Wednesday, May 09, 2007

Geoff Johns’ Green Lantern One Year Later—Emerald Yawn?

A recent review by Ryan at Film Fodder Comics of Green Lantern #19 got us thinking as to just how dissatisfied or at least how under-whelmed we’ve been at Geoff Johns’ performance on Green Lantern since One Year Later.

Never one to let a blog item to go to waste, you can read our original post (which is pretty much what you’ll read below), as well as Ryan’s reply at

Meanwhile, our issues with the current creative direction of Green Lantern we think can be attributed to Geoff Johns overbooking himself (pun intended) as writer on too many titles. The book’s de-facto bi-monthly status for much of last year due to the deadline challenged (DC) art team resulted in a serious loss of storytelling momentum.

At the top of our list of gripes is the practical banishment of Green Lantern John Stewart. This is a topic for a whole separate posting but suffice to say that it’s hardly a coincidence by my reckoning that John Stewart—the most publicly recognized Green Lantern thanks to Cartoon Network’s Justice League Unlimited—disappeared “undercover” at virtually the same moment JLU left the airwaves.

But beyond the royal screwing (again) of John Stewart, Geoff Johns’ two One Year Later story arcs—Revenge of the Green Lanterns and Wanted Hal Jordan—both involved dramatic set ups rife with great potential only to be resolved hastily and/or clumsily by the writer pressing the “easy button.”

During the “Wanted” arc, Johns was one of the few writers to successfully utilize the “missing year” by having Captain Hal Jordan U.S.A.F. as a P.O.W. in Chechnya as a result of his arrogant and foolhardy flyboy habit of removing his power ring while flying on Air Force time—it bit him in the Emerald arse big time.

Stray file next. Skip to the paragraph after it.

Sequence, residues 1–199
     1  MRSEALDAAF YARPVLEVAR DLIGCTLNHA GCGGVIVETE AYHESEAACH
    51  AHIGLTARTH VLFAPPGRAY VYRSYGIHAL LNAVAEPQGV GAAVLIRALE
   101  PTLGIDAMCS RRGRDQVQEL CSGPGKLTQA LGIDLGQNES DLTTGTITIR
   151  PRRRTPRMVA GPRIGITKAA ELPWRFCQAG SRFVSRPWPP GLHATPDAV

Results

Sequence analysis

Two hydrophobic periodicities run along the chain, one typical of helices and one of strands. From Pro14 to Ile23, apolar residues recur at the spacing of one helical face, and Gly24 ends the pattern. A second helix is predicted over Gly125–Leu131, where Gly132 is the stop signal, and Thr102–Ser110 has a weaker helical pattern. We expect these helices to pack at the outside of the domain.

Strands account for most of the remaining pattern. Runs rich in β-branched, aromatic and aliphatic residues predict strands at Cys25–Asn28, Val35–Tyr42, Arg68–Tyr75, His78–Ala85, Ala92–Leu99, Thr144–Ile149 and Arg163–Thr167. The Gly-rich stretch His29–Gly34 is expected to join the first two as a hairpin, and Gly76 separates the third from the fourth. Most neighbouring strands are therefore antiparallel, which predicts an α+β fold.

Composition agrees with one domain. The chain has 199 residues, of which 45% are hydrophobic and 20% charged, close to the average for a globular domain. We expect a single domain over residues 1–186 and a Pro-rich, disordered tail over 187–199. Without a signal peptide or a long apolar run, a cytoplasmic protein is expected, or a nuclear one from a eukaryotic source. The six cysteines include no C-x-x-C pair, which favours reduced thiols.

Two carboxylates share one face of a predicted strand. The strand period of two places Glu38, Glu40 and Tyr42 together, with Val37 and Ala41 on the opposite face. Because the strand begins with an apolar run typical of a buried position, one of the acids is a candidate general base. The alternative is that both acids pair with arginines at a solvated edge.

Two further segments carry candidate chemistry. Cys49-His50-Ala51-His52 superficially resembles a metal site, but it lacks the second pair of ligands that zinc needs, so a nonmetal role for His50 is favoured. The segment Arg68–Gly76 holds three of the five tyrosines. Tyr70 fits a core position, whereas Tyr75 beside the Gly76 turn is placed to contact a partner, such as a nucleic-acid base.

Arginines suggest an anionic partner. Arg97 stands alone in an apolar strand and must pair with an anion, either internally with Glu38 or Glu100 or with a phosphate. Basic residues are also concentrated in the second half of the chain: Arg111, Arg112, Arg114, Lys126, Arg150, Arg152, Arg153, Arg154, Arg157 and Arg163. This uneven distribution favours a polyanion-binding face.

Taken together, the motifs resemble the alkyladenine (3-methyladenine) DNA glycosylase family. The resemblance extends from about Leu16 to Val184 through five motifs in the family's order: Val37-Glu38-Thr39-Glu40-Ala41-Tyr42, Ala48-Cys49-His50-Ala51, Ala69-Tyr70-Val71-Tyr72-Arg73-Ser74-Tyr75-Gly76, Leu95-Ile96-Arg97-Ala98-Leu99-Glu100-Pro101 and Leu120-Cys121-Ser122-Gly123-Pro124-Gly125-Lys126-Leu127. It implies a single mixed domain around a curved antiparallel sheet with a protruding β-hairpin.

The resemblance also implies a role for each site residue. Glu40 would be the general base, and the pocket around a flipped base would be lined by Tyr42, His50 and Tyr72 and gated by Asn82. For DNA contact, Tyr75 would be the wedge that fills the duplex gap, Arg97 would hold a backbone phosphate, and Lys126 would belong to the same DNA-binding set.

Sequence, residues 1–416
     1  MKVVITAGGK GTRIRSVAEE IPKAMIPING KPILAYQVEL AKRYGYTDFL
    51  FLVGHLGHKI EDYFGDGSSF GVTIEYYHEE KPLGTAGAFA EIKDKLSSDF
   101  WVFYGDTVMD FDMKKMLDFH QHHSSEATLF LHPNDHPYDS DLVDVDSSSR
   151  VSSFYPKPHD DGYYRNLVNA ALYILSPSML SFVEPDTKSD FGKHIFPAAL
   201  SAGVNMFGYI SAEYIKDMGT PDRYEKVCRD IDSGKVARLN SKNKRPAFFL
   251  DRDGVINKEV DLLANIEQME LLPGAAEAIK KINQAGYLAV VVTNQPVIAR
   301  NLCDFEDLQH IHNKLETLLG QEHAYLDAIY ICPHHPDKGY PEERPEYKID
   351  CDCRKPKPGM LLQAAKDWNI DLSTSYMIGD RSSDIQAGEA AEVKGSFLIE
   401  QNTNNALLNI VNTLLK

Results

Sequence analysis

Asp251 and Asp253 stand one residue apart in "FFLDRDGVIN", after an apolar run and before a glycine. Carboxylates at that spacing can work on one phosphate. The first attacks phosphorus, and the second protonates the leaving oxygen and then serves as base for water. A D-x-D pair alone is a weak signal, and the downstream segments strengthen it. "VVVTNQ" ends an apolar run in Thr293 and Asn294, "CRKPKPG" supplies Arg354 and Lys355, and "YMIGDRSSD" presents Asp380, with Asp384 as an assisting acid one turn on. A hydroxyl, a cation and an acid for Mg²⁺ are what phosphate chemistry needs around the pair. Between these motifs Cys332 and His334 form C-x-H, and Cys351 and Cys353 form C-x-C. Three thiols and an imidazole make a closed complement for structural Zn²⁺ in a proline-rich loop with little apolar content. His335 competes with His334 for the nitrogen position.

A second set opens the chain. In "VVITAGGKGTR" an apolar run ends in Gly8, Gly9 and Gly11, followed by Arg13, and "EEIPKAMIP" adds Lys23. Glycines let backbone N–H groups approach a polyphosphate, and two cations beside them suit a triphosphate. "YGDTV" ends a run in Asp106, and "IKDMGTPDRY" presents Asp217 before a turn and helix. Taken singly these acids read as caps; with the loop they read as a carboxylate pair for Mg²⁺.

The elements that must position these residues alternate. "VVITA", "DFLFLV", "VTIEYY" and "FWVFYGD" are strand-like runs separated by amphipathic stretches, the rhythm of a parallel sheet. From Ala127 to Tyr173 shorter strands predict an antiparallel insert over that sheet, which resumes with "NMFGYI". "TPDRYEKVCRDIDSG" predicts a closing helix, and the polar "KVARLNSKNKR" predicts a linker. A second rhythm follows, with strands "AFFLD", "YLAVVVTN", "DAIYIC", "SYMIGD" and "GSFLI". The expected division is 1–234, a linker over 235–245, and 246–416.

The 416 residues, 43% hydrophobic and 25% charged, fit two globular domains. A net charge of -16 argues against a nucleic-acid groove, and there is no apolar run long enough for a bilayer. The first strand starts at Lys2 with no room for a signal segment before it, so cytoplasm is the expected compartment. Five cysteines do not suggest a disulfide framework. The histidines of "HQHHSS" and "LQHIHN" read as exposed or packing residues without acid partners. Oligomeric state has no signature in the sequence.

Furthermore, Johns spent many issues (both in GL and in early months of 52) building an interesting concept—Green Lantern 2814.1 is assigned to protect the planet Earth but many of the planet’s nation-states don’t want his help or presence within their borders. Regardless, GL goes where he feels he must to “serve and protect” borders be damned. So the aforementioned nation-states declare him an outlaw.

This was resolved with the Golden Age GL Alan Scott and the Justice League of America being dispatched to bring him in. But faster than you can say easy button, Johns has Alan Scott and the JLA fall all over themselves to “help” him clear his name and drop the charges and Johns moves on to the ultra-inferior Amon Sur storyline.

Worse, a couple issues earlier during the “Revenge” story arc, Johns revealed that all of the Green Lanterns that Hal “killed” during his mind-controlled Parallax days were actually secretly alive all this time. Thrown in a not really dead Arisia and a pre-Johns resurrected from the dead Kilowog and the end result is that Hal Jordan is let completely off the hook for his crimes committed as Parallax.

How much better of a hero and a character would Hal Jordan be if he had to live with the sins committed by his hand because his fear permitted Parallax to corrupt his spirit?
We’ll even go out on a limb to say that we liked Hal Jordan as a villain a heck of a lot better than we ever did as Green Lantern.

This is due, in no small measure, to the fact that the unfortunate consequence of the Denny O’Neill/Neal Adams “Hard Traveling Heroes” era that turned Hal Jordan into a whiny self-actualized crybaby.

GL writers since then—from Marv Wolfman to Steve Englehart to Keith Giffen and Gerard Jones—have handled Jordan as best they could—usually as a battlefield mastermind, but a peace-time screw up.

Yet Geoff Johns deserves high praise for doing the impossible by not just finding an ingenious way to bring Jordan back from the dead WITHOUT re-writing DCU history, but for reconstructing Hal Jordan’s personality.

Before Johns, some of the best Hal Jordan that had been written had come after Jordan had “died” in the form of flashback revisionist history. Johns portrayal of an extremely competent and confident bordering on arrogant (typical fighter jock) for us made Hal Jordan, if not likable, at least readable—until recently that is.

With the upcoming Sinestro Corps’ slow and deliberate build up, hopefully Johns will find his mojo again and start fulfilling this book’s unrealized potential (bringing back John Stewart would be a good place to start).

Sunday, May 06, 2007

52 Finally Ends, Checkmate Checksout and SHAZAM Makes A “Statement”